It’s summertime, and the time is right for doing something idioticBy
Preposterous, ludicrous, and any other “ous”ly things that come to mind can happen all year long. But either the summer seems to produce more of them, like tomatoes and zucchini, or we’re more in the mood to read about them.
Here are some tidbits from the recent past, as reported by the faithful Gazzettino:
“THE FAMILY JEWELS IN THE BADANTE’S CAKE”
(Note: A “badante” is a paid caretaker, usually living with a little old person in need of assistance. They are mostly women, and mostly from Eastern European countries, not that that matters particularly to this or any other story).
“They wanted a piece of cake and instead they found a treasure. Too bad the treasure was already theirs and the cake was destined for somebody else. This is the grotesque misadventure of two residents of Castello, a mother and daughter, in what was supposed to be an ordinary domestic afternoon.
The culprit was a 50-year-old Polish woman who has been living in the district for some years….
“She seemed like a good person [said the daughter]; she stayed with my mother all day, sometimes she even spent the night. I trusted her completely from the very first; she did the shopping and cooking, and would take my mother out for walks.”
But one day the badante asked for money to buy the ingredients for two apple-cakes she wanted to make — one for the family, and one to send to her own people back in Poland. And so the cakes were made, and one was sent off to Poland.
The following afternoon — the badante’s day off — the mother and daughter decided to taste the cake…..which turned out to be fairly difficult to cut. “It seemed like cement,” said the daughter.
Then the discovery: In place of the apples, the cake was full of her mother’s jewelry, necklaces and rings of gold. “There was even my baptism necklace.”
The other cake had been sent to Poland by mistake.
It was an exquisite plan — the only thing lacking was execution. After all, there were only two cakes — it’s not as if there were hundreds to keep track of, like M&Ms. Anyway, that was the scene: What a lovely cake, let’s have tea and a large piece. The daughter takes the knife and cuts into it. Crunch. (Crunch?) And out come her mother’s 18-karat bibelots. Like party favors, only, you know, not. Not at all. I’m not sure how you say “D’oh!” in Polish, but the badante is probably going to be saying it for quite a while. If not to herself, to her folks back home who cut into their cake, imagining all the things they were going to buy with the money arriving via Betty Crocker, and who came up with nothing but jam and chopped walnuts.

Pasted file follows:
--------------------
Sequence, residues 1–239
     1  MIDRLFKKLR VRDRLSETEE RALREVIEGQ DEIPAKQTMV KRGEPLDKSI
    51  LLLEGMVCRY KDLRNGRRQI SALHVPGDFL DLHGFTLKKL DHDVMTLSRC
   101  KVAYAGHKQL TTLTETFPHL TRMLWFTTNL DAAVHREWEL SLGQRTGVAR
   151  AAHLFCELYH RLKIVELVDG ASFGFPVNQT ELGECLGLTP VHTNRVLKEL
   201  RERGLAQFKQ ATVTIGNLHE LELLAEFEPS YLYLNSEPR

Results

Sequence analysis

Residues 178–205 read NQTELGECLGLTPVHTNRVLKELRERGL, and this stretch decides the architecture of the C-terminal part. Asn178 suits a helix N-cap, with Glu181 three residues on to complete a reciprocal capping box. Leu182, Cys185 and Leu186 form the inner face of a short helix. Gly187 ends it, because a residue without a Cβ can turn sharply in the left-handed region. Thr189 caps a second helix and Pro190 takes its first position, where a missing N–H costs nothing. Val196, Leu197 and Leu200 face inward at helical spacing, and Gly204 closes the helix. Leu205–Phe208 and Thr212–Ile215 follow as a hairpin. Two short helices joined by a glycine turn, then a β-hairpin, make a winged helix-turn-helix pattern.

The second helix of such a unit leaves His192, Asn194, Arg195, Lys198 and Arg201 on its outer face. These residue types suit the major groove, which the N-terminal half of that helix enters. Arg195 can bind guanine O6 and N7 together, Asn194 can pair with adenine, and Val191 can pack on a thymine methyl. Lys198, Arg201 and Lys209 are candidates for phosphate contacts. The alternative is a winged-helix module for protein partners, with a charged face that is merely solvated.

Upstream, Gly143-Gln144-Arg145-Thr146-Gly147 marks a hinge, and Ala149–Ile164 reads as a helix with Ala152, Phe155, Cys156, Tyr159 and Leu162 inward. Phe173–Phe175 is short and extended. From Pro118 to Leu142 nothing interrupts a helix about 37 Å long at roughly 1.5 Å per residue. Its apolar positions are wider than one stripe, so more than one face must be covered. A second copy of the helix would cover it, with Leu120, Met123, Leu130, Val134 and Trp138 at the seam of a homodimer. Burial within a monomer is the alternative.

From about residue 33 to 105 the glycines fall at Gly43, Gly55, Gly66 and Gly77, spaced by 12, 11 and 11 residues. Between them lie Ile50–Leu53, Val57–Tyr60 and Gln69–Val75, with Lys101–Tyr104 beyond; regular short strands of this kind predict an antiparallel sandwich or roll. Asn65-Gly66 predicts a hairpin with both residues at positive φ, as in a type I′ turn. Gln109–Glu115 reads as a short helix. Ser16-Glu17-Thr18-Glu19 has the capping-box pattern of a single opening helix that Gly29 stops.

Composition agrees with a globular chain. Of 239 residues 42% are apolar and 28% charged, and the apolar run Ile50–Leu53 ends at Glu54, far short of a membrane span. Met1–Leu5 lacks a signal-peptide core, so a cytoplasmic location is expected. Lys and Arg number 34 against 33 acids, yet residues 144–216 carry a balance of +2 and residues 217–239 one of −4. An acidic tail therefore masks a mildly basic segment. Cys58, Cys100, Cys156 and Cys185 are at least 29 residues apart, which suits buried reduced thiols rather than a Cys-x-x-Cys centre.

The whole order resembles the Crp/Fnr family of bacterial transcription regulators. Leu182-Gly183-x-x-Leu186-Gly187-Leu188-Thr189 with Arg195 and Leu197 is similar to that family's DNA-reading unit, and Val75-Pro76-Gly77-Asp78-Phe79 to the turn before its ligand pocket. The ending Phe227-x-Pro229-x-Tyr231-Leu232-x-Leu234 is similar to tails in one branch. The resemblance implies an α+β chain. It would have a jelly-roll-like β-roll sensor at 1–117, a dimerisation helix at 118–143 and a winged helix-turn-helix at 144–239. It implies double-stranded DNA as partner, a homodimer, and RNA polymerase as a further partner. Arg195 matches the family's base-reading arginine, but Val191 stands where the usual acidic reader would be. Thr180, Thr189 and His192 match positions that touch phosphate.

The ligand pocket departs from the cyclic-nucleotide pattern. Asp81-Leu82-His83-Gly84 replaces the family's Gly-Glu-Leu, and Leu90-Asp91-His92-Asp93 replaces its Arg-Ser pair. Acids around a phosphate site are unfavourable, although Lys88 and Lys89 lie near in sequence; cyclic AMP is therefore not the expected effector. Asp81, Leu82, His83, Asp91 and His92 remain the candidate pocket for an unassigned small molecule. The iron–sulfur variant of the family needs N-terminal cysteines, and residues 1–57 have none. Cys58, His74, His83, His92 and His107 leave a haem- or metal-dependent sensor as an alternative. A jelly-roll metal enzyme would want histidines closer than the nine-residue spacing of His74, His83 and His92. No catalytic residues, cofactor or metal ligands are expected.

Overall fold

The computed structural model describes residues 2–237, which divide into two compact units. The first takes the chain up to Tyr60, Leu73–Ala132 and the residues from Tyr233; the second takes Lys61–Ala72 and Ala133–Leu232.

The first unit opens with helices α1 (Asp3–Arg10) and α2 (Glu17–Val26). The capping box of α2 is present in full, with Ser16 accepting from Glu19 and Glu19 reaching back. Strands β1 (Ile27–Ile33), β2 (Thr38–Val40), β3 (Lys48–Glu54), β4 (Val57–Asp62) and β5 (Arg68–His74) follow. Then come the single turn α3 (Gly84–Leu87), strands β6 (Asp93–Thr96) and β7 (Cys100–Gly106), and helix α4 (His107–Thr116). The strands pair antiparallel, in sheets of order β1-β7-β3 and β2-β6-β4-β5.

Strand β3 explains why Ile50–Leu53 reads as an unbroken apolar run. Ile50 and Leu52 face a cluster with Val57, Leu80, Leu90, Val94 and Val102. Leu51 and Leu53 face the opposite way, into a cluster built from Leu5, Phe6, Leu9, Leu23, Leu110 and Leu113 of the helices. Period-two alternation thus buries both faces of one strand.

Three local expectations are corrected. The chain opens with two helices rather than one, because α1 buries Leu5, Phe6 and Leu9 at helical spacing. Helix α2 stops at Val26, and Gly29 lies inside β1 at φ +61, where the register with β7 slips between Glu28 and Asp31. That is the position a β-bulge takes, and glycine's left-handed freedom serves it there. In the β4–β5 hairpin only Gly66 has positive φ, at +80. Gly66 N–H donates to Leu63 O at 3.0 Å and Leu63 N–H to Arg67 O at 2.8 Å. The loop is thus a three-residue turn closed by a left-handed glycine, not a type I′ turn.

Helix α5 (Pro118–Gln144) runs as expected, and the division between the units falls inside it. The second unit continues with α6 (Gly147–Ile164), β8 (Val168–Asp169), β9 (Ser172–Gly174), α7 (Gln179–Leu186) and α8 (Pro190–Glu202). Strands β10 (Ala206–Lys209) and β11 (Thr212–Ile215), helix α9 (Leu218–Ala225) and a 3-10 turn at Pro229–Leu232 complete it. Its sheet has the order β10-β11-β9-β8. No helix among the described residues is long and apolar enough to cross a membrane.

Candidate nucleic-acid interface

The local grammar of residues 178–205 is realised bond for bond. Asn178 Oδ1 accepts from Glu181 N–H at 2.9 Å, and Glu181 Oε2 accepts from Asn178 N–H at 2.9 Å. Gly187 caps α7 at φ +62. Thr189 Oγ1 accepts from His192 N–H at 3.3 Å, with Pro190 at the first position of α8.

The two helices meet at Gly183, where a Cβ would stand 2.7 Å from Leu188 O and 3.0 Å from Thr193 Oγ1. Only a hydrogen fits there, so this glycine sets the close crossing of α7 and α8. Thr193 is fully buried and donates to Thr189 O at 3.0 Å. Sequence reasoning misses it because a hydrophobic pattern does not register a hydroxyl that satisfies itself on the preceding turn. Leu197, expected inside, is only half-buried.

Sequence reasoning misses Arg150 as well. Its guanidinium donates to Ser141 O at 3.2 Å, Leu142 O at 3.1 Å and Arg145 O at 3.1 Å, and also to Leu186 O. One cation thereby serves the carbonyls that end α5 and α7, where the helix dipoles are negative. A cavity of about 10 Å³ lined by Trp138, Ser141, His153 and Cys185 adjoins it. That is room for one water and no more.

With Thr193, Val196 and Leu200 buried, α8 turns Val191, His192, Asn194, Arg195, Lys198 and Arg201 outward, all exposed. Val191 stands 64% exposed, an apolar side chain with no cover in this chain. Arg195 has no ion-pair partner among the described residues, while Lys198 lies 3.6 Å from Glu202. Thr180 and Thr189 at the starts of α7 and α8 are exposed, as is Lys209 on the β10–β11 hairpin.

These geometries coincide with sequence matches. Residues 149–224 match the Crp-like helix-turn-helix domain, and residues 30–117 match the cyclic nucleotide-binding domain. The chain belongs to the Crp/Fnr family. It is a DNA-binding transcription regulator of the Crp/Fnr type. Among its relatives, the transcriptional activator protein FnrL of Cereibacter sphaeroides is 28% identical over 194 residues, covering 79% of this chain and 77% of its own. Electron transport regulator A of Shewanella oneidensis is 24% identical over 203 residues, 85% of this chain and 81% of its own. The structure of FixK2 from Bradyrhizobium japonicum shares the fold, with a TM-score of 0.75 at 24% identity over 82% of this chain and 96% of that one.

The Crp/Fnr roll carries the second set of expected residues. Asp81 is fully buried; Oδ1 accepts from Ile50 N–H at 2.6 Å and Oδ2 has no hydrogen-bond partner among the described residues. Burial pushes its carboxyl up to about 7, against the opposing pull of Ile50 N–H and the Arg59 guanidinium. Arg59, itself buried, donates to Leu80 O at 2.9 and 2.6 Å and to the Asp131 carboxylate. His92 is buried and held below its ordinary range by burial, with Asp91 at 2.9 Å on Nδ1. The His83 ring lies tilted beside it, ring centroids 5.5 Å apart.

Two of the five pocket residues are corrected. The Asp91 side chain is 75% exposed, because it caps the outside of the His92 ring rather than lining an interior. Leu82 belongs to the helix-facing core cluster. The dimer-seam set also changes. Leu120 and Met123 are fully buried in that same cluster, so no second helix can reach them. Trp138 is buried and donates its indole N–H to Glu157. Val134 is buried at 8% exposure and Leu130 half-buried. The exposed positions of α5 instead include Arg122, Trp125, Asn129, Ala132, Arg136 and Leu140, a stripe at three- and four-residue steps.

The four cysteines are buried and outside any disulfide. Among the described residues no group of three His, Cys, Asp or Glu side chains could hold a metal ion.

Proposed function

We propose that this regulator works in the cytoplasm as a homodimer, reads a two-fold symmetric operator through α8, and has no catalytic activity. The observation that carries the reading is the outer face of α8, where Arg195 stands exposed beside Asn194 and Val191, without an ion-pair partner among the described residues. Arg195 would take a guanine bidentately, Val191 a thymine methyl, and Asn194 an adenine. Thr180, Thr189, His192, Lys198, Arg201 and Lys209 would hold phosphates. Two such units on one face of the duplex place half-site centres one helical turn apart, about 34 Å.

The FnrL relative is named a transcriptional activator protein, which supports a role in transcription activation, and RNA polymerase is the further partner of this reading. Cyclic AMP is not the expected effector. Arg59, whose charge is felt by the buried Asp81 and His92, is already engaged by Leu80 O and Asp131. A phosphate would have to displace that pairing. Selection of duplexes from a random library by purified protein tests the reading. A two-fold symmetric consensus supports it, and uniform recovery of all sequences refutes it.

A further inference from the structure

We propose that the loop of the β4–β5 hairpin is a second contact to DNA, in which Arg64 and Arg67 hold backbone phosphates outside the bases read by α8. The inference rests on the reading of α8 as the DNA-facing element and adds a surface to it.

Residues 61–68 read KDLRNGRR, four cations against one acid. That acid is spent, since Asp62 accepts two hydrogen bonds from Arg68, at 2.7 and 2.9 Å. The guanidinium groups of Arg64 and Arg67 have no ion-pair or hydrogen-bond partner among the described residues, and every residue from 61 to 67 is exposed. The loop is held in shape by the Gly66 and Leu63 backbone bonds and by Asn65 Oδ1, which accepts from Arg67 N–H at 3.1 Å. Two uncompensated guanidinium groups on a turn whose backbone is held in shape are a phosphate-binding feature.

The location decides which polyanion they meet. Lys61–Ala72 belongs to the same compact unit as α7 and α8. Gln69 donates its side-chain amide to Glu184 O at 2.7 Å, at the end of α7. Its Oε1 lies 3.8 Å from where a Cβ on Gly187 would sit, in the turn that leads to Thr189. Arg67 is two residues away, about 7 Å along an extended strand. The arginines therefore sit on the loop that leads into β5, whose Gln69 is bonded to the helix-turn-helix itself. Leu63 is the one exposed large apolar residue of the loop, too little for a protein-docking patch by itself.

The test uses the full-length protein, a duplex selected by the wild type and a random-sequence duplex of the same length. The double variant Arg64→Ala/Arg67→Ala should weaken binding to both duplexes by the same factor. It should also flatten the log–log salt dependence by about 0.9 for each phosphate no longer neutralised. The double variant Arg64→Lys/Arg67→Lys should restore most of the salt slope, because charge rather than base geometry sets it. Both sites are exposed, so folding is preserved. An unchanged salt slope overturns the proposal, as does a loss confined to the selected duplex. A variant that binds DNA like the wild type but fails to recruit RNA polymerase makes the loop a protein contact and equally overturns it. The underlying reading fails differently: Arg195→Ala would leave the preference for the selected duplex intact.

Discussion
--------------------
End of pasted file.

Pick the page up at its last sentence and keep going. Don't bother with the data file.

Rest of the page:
I’m not sure which scene I’d rather have witnessed: The cutting of the wrong cake (either one), or the unsuspecting badante’s return home that evening. Not to mention the phone call from her family.
“A TOOTH IN HER LUNGS MAKES HER SUFFER FOR 24 YEARS”
“Instead of swallowing it, which would have been simpler, luck would have it that the little girl unconsciously inhaled her milk-tooth molar, which had come loose, at the age, presumably, of 10 or 11. She didn’t realize [that she had done this], but soon afterward began to complain of a pain in her lungs. It would come and go, more or less frequently, more or less intensely, up until a few days ago. Today the little girl is a 34-year-old woman, married and the mother of two children. And by chance the other day, the pain having returned, she had a bronchioscopy and the cause was discovered: a milk tooth. An intervention at the hospital at Dolo [16 miles from Venice], one good cough, and out came the tooth which had caused so much pain for so long.”
What makes me wonder about this woman isn’t that she inhaled her tooth — I suppose it could happen to anyone. What I can’t grasp is that she lived 24 years without investigating further. Did she think everybody has a pain in their lung? Did she never wonder about it at all? Or does it take that long to get an appointment at the radiologist? And if one of her children had a pain in his/her lung, would she have just said “Suck it up” (sorry) and leave it at that? I couldn’t put up with 24 years of anything, if I didn’t know what it was. Evidently curiosity went to Dolo to die.
“130 CITATIONS FOR TWO BARRELS”